Ex-felons in Florida can vote but not really

Photo by Carles Rabada on Unsplash

On Wednesday, April 24, 2019, the Republican-dominated Florida House voted 71–45 for a bill that restores voting rights to convicted felons except for felony sex offenders and murderers.

Eh, sort of.

In November of 2018, nearly two-thirds of Florida voters approved a constitutional amendment that gave this right back to certain ex-felons. It was seen as a huge victory and marked a cosmic change to come once these 1.5 million voters were able to cast a ballot.

It was a significant step for the case that ex-felons should be able to vote in all of America once released. Currently, ex-felons can’t vote for a specific period after release in 22 states and can’t vote indefinitely in 12 states depending on the crime.

It even served as a moment that brings up the more significant issue of how citizens are integrated back into society once released from imprisonment.

Then, reality hit.

In that bill, the bill that was supposed to be built on restoring voting rights, it states that ex-felons must pay criminal fees before they can vote.

Pay?

Getting a job as an ex-felon isn’t exactly easy and getting a job that pays a decent wage? Unlikely.

Finding a job that pays enough for you to pay back potentially hundreds of thousands in court fees, fines, and restitution? Not happening.

Why

That’s exactly what Florida House Republicans are banking on. There’s a low probability that many of these potential voters will ever pay back those fees soon. With a society that isn’t too keen on hiring convicted felons, the architects of this bill put a stipulation in place they know will make it needlessly difficult.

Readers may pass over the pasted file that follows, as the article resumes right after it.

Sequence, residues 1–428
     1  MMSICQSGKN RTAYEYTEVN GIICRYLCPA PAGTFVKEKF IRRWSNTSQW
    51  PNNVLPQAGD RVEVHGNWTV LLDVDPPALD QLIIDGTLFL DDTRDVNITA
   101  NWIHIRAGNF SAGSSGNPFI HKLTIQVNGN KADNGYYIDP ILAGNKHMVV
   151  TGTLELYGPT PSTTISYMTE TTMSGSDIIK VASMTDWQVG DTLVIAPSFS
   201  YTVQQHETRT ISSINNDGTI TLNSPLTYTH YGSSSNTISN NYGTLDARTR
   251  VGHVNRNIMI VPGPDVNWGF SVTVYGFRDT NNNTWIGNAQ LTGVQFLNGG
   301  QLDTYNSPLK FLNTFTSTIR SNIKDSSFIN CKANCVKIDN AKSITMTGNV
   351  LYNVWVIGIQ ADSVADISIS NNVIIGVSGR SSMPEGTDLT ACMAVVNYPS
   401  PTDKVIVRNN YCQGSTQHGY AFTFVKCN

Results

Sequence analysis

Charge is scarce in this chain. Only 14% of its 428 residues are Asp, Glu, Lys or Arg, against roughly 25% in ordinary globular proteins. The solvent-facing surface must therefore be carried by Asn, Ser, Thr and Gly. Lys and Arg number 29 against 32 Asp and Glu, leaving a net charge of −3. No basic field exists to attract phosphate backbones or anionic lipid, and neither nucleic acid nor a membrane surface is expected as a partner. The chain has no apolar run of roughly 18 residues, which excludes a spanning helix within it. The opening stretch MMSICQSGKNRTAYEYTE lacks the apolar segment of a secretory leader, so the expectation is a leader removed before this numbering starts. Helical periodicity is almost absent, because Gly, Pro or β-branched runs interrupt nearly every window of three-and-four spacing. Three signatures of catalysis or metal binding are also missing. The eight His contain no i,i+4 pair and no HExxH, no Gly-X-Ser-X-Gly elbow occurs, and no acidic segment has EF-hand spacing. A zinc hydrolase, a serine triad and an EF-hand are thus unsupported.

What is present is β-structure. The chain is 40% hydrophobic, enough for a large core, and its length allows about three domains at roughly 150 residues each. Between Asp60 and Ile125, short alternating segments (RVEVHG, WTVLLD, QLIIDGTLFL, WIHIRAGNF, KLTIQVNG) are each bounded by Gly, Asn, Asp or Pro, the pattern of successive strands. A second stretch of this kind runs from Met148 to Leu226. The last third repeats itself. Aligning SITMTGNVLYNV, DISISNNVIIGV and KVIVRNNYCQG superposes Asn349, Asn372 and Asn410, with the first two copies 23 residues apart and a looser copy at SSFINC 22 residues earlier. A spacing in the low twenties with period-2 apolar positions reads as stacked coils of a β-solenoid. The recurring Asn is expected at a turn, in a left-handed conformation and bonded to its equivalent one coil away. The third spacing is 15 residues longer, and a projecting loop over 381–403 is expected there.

Okay, you can vote, but only after you jump through 100 flaming hoops.

The right to vote might seem like an unworthy venture to pursue after the more immediate priorities of finding employment, securing housing, and meeting the conditions of probation or parole.

Debt to society

When is the debt repaid?

The entire premise of a prison sentence is to punish the individual, make them pay back their debt to society, then rehabilitate them to integrate them back into that society where they can become productive, law-abiding citizens.

That isn’t the case.

So, after ex-felons have ‘paid their debt’ they literally have to pay with hard cash?

Theory

This bill isn’t exactly what was on the books in November 2018. If it was, it’s certainly possible that the outcome would have been different.

It highlights the difference between voting for specific, outlined legislation and an idea or theory that voters want to see translated into law.

Brexit was a vote to leave the European Union. Yes or no. In or out. Now, over two years later, the U.K. is feeling the consequences of voting for an exit plan with no clear exit strategy.

It appears that this bill subverts the will of the Florida voters who chose to see the voting rights of this class of ex-felons restored.

It contains a hurdle for which voters didn’t ask.

What’s next?

There is a chance that a judge can wave the fees which would make voting a possibility. The likelihood of that happening on any scale at all remains to be seen.

Now, the bill goes to the Senate where there is already a similar bill pending.

If it walks like voter suppression, talks like voter suppression…